This interpretation of Jesus’ silence fits better with Paul’s idea that Jesus really does lay both sin and his evil age bare. He transforms it, and changes everything. But, it’s still hard to imagine anyone staying quiet at a trial like that. It’s still hard to imagine Jesus not defending himself or saying anything. . At least, Jesus could have injected some reason for the insanity of it all. He could have decried himself a victim to the crowd, or defended himself against others’ accusations as he did several times before when he spoke against the scribes and Pharisees in Galilee. Any of these would have made more sense. But, in Jerusalem before Pilate, he says nothing. “You say so,” is all he says to Pilate. Why? 

Jesus, at least, shared something in common with those he was teaching and preaching. As fellow Jews, they were his kinfolk. They were all children of Abraham, who share a history and covenant with YHWH. Jesus also shared a love and reverence for God’s revelation, the Law, with the lawyers and Pharisees. But, when it came to defending himself against a world that didn’t know him and wouldn’t hear him, there was nothing to say. Perhaps, it was futile, even pointless. There was nothing to say because there was nothing he could say.

If Jesus would have answered that he was the messiah, he would have admitted himself as “King of the Jews” in the eyes of the crowd and Jewish leaders. There was no other king than the ruler installed by Rome approved. This would have condemned Jesus under Roman Law. Pilate would not have been guilty of betraying his conscience.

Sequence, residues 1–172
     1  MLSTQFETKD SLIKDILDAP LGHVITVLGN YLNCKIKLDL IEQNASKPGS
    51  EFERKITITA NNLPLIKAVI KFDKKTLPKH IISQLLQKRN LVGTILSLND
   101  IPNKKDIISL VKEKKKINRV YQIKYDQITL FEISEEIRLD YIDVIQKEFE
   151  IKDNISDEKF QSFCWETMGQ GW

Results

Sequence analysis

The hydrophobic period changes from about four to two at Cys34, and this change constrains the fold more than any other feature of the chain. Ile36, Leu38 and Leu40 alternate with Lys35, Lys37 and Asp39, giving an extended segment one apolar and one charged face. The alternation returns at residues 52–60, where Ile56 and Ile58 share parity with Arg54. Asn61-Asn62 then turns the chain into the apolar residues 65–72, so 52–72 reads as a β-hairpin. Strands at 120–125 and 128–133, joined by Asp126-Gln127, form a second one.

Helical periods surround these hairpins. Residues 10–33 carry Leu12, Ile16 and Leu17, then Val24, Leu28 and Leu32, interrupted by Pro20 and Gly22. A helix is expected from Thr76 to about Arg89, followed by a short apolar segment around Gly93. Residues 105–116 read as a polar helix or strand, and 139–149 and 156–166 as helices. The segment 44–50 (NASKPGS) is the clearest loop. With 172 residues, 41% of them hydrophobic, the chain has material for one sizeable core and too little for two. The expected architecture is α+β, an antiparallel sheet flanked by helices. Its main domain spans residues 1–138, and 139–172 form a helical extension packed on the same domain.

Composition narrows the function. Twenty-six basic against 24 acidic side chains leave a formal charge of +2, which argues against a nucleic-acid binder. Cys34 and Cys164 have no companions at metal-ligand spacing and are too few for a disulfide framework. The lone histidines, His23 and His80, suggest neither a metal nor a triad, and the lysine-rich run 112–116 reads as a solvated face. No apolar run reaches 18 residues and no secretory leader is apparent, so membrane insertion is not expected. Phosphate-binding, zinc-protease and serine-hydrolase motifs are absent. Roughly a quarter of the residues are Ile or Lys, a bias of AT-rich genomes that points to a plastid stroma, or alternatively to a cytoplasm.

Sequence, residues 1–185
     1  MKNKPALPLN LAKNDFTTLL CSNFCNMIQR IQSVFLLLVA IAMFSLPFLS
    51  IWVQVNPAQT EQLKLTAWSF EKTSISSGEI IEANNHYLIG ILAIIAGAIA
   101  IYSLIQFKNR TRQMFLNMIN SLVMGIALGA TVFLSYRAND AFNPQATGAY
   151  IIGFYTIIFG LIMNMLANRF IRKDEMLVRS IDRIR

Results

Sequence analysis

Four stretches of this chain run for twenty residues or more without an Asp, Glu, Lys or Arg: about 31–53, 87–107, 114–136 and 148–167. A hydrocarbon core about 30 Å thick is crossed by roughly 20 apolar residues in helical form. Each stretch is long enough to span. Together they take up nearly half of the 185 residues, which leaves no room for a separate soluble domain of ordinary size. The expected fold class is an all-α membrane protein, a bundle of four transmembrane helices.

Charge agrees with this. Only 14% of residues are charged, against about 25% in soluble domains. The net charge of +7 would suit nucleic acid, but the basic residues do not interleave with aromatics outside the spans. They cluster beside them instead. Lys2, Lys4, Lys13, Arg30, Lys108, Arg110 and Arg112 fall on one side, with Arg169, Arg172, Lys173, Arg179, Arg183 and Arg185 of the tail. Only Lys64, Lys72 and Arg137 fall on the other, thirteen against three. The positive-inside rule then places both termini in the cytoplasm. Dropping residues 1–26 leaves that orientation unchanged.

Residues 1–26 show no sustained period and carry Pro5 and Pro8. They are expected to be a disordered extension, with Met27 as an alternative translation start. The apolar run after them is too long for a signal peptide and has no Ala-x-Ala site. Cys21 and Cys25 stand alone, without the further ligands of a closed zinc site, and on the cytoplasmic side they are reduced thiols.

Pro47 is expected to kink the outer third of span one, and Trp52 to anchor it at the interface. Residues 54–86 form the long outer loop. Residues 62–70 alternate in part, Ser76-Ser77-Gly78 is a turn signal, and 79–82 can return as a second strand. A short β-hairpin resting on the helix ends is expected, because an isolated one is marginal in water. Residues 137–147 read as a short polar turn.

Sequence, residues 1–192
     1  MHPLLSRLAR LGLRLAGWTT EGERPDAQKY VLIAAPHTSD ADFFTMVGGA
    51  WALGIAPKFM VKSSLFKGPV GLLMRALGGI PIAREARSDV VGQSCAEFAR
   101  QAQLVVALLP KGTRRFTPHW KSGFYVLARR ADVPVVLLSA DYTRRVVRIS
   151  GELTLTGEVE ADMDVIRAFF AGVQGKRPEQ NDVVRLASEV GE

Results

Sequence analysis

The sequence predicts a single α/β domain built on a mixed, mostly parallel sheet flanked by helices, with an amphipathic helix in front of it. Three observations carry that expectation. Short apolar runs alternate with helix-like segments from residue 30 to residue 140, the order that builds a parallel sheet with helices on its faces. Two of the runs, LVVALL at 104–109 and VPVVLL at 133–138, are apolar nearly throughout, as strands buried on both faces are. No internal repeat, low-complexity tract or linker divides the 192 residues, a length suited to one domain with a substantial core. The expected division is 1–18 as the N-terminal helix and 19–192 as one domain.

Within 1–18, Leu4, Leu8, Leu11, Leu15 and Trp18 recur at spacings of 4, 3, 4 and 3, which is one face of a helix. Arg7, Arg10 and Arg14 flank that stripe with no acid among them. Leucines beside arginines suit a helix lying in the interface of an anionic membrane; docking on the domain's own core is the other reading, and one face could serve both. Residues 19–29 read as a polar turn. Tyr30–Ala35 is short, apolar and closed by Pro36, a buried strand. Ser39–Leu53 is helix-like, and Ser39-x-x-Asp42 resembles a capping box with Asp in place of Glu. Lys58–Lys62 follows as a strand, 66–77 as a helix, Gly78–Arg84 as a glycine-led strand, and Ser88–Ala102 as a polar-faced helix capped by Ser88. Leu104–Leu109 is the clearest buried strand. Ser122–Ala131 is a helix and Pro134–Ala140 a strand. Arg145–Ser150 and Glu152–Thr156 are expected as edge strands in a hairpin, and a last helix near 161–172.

If Jesus would’ve denied he was “King of the Jews,” he would have denied he was the messiah Israel longed for. He would have admitted to being just another itinerant teacher or insurrectionist against the empire. This would have only intensified the situation with confusion if he would have defended himself or told the truth. His silence, instead, drew out the truth of the situation. Jesus didn’t need to give an account for himself because it really came down to what the crowd and Pilate thought, or accepted. “Who do you say that I am?” 

In Jesus, God was on trial. He was defenseless not because God has no defense..But He chose to remained silent because silence at times is the best defense ..

Proverbs 10:19

When there are many words, transgression is unavoidable, But he who restrains his lips is wise. 

Job 34:29

When He keeps quiet, who then can condemn? And when He hides His face, who then can behold Him, That is, in regard to both nation and man?-- 

Ecclesiastes 3:7 

7 a time to tear and a time to mend, a time to speak and a time be silent..